Investors are anxiously awaiting the deployment of trillions of dollars in private equity dry powder, but there is a tug of war between distressed and high-quality assets.

December 2023

A restlessness has set in among investors who recognize that the window of opportunity for private equity to move off the sidelines and into the market is narrowing. After a period of uncertainty in which deal flow was cut off, there appears to be a calm before the storm in private equity. Once that deal spigot is flowing once again, fund managers are likely to be vying for the very same deals on which they previously waited.

For now, private equity is sitting on a massive amount of dry capital amid what has become a dearth of deal flow, with private equity entry deals falling over 20% in Q3 2023 compared with Q2 levels. Meanwhile, private equity dry powder, or cash committed by investors waiting to be deployed, ballooned to an all-time high of $2.49 trillion globally as of mid-2023, up more than 11% compared with year-end 2022 totals, according to S&P Global.1

Equity Dry Powder Trend

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Data compiled July 3, 2023. Analysis includes aggregate dry powder of global private equity funds with vintage year between 2000 and 2023. Dry powder data is supplemented by Preqin. Source: S&P Global Market Intelligence.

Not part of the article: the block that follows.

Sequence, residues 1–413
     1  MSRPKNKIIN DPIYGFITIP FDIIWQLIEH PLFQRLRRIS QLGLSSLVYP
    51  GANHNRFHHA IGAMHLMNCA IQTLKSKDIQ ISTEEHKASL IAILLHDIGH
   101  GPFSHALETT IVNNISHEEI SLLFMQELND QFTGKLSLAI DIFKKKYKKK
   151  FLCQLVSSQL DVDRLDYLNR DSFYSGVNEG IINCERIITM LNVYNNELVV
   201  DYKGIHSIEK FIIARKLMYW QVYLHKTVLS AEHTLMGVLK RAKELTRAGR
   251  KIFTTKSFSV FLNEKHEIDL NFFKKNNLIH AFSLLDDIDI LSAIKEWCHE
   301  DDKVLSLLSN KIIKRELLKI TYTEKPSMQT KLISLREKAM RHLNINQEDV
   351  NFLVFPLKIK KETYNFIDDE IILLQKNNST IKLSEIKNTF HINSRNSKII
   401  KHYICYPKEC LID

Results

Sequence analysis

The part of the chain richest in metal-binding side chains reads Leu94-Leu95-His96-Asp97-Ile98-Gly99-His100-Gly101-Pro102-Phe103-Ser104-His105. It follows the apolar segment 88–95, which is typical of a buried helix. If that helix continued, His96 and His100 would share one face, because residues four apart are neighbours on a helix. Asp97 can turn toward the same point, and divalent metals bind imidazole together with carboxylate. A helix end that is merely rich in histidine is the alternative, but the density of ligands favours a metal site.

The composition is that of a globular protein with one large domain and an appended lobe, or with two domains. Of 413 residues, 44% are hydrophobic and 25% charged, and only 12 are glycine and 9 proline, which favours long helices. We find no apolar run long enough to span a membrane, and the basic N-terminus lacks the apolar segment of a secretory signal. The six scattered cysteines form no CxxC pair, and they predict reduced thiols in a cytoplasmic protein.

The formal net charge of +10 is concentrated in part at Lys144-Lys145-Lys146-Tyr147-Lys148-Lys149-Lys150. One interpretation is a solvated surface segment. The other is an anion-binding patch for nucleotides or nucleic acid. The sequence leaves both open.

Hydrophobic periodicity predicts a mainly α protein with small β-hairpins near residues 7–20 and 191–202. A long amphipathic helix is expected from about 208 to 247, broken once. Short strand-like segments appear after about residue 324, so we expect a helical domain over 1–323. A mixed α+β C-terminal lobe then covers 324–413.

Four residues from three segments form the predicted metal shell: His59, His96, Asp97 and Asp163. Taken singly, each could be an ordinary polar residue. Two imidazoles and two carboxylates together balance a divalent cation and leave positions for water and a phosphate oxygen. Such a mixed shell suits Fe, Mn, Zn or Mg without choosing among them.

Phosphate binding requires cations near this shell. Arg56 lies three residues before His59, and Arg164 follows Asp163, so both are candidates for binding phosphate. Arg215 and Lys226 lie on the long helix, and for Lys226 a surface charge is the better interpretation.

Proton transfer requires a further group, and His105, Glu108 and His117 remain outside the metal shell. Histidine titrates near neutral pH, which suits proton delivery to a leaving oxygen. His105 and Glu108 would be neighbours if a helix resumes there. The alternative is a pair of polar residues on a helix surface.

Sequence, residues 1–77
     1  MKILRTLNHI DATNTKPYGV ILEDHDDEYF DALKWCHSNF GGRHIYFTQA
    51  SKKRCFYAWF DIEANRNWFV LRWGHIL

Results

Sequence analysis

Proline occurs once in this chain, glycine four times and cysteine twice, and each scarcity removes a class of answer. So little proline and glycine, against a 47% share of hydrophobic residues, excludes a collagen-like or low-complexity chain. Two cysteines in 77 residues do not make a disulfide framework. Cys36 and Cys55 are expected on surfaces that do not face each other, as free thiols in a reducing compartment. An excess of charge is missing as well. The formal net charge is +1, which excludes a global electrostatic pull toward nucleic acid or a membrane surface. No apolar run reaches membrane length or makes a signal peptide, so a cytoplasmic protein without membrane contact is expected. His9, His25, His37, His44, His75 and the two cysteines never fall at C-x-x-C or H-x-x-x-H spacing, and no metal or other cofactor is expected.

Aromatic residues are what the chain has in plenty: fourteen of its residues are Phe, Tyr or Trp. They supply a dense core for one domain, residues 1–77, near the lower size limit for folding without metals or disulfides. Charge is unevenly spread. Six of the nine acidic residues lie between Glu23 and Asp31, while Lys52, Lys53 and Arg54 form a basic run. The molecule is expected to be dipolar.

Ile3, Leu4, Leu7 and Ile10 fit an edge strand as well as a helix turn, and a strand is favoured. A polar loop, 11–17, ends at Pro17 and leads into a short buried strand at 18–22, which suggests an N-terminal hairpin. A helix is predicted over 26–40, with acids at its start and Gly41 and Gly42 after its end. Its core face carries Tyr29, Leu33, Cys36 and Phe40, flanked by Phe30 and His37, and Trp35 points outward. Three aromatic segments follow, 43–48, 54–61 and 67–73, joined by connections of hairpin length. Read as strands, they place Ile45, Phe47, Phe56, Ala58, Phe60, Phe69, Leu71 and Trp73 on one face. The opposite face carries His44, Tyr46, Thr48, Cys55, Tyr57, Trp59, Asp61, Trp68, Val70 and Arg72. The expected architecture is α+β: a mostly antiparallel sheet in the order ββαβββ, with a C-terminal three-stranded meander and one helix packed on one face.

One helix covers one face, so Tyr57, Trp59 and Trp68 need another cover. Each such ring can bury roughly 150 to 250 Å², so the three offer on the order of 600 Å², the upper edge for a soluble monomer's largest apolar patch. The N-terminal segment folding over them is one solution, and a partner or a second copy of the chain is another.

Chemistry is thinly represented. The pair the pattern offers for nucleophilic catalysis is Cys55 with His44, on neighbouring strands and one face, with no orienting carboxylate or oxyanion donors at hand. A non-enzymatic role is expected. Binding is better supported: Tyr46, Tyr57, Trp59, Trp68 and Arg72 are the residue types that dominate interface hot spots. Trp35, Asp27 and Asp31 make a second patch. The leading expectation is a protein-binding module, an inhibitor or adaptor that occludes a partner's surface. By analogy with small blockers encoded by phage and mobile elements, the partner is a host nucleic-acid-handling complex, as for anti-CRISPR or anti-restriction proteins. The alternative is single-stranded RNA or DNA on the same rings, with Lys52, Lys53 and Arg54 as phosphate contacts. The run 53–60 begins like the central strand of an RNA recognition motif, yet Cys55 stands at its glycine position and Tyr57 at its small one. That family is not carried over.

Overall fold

It’s a trend that has spilled over to commercial real estate, too. U.S. real estate assets under management (AUM) in 2022 grew to nearly $1 trillion, setting a record and representing 66% of global real estate AUM. Of that amount, more than $284 billion in assets takes the form of committed but uncontributed capital.

Indeed, a tumultuous dealmaking backdrop in which buyers and sellers have been far apart on asset valuations has left many private equity players on the sidelines in 2023, but perhaps not for much longer.


Investors are eager to see their money put to work amid an expectation that the industry is on the brink of some promising vintage years ahead for deploying capital in asset classes like commercial real estate.2 Consequently, that mountain of dry capital could be about to move even before the clouds of market uncertainty clear.

For example, with so much capital sitting on the sidelines, private equity funds are likely to feel pressure from liquidity-hungry investors to deploy it. This will especially hit home for those managers who want to bring new funds to market for which they’ll need to raise additional rounds of capital. Fund managers face the risk that investors will forego the commitment of fresh capital until funds sitting on the sidelines have been deployed.